Ukraine's Defeat Could Trigger NATO-Russia Confrontation, Says Pentagon Chief

Written by Henrik Rothen

Feb.29 - 2024 9:11 PM CET

Photo: photowalking /
Photo: photowalking /
According to Lloyd Austin, there is a high likelihood that NATO and Russia could end up in a major conflict if Ukraine suffers a defeat to Russia in the war.

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Lloyd Austin, the Secretary of Defense, has expressed concern that if Ukraine were to lose its ongoing conflict with Russia, it could potentially lead to a confrontation between Russia and the entire North Atlantic Alliance (NATO).

During a hearing with the US House Armed Services Committee, which was initially meant to address Austin's hospitalization earlier this year and his failure to promptly inform the White House or Congress, discussions also ventured into the realm of US military support for Ukraine.

The Defense Secretary highlighted the significance of approving additional funding for Kyiv, stating that such support is crucial to deter any actions that could lead to the forceful redrawing of national borders and the illegal annexation of sovereign territories by aggressive nations.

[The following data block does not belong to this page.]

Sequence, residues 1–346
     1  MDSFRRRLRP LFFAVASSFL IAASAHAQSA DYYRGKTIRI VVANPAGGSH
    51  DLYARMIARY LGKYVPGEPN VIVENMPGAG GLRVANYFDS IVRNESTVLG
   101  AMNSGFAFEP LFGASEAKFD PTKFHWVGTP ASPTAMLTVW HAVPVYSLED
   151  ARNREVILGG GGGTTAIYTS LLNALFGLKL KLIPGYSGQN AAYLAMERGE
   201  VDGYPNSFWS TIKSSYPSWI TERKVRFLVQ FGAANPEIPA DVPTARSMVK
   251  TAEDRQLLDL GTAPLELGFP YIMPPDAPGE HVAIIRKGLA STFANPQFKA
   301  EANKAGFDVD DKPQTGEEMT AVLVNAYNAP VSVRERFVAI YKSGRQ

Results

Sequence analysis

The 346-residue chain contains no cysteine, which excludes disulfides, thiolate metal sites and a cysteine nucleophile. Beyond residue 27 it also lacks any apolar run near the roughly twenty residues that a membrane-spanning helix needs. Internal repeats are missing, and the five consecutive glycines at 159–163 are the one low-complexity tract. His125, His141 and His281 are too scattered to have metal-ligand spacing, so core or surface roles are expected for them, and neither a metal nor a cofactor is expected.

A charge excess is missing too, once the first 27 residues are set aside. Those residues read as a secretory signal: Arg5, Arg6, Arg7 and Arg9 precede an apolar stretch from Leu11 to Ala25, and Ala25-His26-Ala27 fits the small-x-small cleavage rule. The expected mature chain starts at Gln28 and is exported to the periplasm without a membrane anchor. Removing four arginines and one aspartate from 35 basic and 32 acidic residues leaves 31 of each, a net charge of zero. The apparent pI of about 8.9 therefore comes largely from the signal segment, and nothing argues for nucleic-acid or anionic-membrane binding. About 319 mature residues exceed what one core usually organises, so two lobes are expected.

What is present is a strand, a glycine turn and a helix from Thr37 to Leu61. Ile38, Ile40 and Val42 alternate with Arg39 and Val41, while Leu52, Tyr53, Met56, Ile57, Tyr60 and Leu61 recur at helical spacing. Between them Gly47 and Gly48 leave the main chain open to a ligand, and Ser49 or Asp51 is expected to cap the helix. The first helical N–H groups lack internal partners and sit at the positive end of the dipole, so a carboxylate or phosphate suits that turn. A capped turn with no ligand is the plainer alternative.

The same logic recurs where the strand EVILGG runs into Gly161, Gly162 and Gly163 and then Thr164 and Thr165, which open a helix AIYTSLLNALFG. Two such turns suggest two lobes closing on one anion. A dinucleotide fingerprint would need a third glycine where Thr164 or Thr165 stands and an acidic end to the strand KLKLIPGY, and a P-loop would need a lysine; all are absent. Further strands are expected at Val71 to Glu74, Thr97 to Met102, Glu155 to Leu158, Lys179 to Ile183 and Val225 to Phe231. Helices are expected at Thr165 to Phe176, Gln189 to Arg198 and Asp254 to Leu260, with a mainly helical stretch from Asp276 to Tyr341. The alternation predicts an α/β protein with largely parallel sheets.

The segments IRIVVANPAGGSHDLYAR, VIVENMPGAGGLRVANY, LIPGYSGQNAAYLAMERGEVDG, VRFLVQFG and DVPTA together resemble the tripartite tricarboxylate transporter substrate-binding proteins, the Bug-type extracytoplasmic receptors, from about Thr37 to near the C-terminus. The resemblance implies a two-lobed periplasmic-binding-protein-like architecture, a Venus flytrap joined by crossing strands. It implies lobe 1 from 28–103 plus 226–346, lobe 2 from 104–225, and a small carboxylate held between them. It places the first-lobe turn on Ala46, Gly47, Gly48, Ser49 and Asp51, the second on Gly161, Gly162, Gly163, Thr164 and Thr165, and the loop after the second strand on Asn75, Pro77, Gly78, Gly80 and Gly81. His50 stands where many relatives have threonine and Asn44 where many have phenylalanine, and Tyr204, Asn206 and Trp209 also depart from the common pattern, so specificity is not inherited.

According to Ukrainian Pravda, Austin warned,

"We know that if Putin is successful here, he will not stop. He will continue to take more aggressive actions in the region. And other leaders around the world, other autocrats around the world will look at this and will be encouraged by the fact that this happened and we failed to support a democracy."

He further elaborated on the potential fallout if Ukraine were to be defeated, specifically pointing out the dire implications for the Baltic states, which could find themselves as the next targets of Russian aggression.

"If you are a Baltic state, you are really worried about whether you are next. They know Putin. They know what he is capable of. And, frankly, if Ukraine falls, I really believe that NATO will be in a fight with Russia," Austin stated.

This comes against the backdrop of Ukrainian President Volodymyr Zelenskyy's announcement last week about the urgent need for the United States, particularly Congress, to approve a multibillion-dollar aid package within a month. Despite this pressing request, the House of Representatives appears more focused on avoiding a government shutdown than on addressing the aid for Ukraine.